Over 500,000 people visited Farnam Street last month to learn howto make better decisions, create new ideas, and avoid stupid errors. With more than 100,000 subscribers to our popular weekly digest, we've become an online intellectual hub. To learn more about what we do, start here.
Are people who purchase counterfeit products more unethical?
Yes. The icing on this psychological cake is that people have no idea about this effect.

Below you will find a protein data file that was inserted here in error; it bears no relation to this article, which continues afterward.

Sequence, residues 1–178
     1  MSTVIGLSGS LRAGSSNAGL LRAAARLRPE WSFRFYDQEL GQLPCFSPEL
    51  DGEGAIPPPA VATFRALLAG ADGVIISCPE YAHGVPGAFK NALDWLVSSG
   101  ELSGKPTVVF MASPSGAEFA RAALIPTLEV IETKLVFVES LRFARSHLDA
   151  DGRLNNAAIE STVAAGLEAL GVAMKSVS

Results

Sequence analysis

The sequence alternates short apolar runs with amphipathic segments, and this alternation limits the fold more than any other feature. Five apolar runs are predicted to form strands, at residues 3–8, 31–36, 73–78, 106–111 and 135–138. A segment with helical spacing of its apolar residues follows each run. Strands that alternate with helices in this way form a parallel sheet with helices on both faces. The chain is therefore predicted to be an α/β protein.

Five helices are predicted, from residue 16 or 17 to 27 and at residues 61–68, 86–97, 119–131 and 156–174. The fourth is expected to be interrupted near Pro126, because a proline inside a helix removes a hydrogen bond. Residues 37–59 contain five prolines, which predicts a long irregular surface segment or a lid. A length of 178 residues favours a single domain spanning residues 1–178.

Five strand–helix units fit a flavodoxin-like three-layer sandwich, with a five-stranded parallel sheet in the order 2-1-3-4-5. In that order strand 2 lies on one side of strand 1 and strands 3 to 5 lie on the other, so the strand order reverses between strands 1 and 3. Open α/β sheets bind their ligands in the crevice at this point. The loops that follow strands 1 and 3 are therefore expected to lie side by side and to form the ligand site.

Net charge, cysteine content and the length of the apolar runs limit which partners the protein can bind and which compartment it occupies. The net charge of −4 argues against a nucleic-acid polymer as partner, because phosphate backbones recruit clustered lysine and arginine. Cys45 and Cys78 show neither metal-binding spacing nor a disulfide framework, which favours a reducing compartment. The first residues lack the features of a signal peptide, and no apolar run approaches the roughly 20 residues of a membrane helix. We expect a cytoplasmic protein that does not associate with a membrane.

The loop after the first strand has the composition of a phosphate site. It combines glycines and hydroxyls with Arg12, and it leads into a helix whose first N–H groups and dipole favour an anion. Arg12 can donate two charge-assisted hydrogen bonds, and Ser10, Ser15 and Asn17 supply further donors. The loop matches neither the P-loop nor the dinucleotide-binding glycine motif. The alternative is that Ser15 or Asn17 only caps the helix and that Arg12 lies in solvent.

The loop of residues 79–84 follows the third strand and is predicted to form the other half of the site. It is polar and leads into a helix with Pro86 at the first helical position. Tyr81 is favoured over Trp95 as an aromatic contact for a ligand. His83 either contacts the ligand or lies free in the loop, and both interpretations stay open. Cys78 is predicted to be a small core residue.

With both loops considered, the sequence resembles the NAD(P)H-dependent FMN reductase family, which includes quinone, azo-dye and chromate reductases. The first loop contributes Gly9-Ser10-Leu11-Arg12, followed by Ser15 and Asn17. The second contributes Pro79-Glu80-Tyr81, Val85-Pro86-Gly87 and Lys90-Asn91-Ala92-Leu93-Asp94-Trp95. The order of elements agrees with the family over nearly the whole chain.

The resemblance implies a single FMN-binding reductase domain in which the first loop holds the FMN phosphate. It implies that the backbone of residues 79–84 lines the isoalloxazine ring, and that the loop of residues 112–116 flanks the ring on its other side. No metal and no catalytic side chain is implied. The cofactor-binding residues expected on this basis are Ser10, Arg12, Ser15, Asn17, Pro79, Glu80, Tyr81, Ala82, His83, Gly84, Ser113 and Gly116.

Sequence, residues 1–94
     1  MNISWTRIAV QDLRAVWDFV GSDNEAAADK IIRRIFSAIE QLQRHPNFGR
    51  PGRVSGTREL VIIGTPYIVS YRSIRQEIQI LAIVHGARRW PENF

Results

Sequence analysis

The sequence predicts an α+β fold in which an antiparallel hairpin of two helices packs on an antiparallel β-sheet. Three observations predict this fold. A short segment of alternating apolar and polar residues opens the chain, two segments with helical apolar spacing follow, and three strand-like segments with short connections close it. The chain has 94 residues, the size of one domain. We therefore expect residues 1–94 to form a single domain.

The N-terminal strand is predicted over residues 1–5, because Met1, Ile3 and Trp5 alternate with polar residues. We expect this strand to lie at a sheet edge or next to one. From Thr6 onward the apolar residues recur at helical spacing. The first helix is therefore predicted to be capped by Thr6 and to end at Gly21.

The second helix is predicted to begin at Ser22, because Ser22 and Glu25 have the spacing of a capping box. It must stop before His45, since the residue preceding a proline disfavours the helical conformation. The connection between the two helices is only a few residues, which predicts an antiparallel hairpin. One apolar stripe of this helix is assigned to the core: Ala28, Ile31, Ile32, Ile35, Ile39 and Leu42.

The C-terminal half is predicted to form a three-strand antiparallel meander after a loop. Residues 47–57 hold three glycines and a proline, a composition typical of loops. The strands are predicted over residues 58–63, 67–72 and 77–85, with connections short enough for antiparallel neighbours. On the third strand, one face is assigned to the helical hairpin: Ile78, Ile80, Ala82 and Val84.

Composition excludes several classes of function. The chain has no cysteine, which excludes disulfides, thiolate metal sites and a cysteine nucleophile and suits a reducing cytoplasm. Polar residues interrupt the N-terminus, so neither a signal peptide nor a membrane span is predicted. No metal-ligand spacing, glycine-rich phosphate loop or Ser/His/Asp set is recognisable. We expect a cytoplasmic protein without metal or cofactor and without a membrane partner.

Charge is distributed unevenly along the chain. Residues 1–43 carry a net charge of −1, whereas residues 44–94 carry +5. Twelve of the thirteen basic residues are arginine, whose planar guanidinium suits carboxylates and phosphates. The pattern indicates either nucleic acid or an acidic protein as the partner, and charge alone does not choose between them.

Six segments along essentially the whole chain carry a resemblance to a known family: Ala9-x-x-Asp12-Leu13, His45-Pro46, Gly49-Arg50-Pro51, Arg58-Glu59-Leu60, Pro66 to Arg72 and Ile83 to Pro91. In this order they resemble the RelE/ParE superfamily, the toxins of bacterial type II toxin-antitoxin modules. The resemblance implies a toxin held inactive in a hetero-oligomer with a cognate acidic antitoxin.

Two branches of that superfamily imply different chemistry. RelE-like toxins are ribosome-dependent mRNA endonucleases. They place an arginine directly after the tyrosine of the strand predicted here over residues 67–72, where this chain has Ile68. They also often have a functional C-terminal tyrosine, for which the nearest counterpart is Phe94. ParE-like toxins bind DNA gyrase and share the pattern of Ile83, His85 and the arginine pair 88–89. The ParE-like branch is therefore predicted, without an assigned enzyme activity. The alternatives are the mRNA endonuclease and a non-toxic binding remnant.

Francesca Gino from the University of North Carolina has shown that counterfeit products actually make people behave more dishonestly. They cheat more in tests and they judge others as unethical with greater abandon. Even worse, they’re completely unaware of this impact. This effect is heavily ironic. People often buy fake goods to look good to other people. But Gino’s study shows that these products can affect our moral choices precisely because they make us look worse to ourselves. As she writes, “Feeling like a fraud makes people more likely to commit fraud.”